Manchester’s Finest on A Strange New Space

A Strange New Space at Circomedia April 2017. Paul Blakemore photography. Manchesters Finest reviews A Strange New Space at The Waterside Arts Centre, Sale in July 2017. 

A Strange New Space is a highly entertaining, one-woman show at Sale’s Waterside Arts Centre that provides an excellent introduction to theatre for younger children. Tessa Bide takes us on a fantasy voyage of the imagination while simultaneously conveying the sadness and solitude of the child refugee, Amira, as she makes a parallel journey away from home into the bewilderment of a refugee centre.

Tessa has personal knowledge of the harrowing stories of child refugees from her experience working at several charities, camps and squats in Athens and she has plans to tour this production in Greece and other countries affected by the refugee crisis. Tessa’s intimate knowledge of child refugees is revealed in her lively and moving narrative that is at times sad but never sentimental thanks to the plucky and likeable Amira at the centre of the story.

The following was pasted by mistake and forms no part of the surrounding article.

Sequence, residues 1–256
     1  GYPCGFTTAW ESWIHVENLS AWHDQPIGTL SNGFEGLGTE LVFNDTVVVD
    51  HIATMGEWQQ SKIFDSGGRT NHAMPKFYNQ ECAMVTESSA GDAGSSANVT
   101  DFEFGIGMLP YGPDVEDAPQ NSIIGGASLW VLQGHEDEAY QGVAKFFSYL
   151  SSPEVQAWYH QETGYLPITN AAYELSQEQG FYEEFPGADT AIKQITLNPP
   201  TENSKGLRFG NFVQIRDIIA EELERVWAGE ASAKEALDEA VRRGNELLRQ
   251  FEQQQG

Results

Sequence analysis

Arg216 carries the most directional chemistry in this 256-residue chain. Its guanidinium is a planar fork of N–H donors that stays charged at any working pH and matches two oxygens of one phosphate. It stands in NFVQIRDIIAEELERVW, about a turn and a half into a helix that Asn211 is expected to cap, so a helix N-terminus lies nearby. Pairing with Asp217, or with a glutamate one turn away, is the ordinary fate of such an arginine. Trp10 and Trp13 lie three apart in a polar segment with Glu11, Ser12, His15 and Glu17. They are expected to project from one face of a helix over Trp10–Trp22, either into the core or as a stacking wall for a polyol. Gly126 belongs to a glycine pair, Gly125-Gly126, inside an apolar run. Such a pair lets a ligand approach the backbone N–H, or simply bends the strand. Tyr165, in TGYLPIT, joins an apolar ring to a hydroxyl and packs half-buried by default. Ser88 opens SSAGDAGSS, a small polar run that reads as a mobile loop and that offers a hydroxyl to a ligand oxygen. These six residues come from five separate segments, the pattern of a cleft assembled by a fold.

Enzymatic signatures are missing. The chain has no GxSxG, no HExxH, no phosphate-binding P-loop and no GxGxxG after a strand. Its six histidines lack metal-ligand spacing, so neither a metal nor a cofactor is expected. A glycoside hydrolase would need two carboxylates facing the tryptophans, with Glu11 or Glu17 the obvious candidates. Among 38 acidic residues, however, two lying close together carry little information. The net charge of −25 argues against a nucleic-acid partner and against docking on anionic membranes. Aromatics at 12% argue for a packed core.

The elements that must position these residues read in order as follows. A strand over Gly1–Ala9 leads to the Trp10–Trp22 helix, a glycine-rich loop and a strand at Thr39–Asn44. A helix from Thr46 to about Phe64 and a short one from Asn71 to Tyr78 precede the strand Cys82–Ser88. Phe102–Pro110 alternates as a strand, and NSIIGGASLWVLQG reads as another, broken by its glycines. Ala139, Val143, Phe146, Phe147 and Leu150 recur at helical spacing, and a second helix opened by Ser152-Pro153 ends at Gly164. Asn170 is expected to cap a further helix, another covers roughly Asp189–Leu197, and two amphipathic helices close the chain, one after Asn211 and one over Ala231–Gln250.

It is extraordinary how Bide creates such a wide variety of environments through her expert use of mime and physical theatre; brilliantly complemented by the subtle use of lighting, sound effects and well-imagined original music. Amira takes us with her on rockets, through space and into gloomy caves in this highly polished and professional production, with excellent transitions between the inner world of the child and her attempts to adjust to and escape from her outer reality.

Bide is to be applauded for her pacing; for example, after a somewhat extended depiction of the child being processed in the refugee centre, she swiftly transitions into an entertaining puppet show with audience interaction. There are many tragic and joyous moments that are highly relatable for both the young and adult audience. As a wonderful actress, Tessa Bide has a rare talent for accessing the inner vision of a child in such a natural way, and A Strange New Space is a poignant reminder of how much we lose in terms of imagination when we ‘grow up’.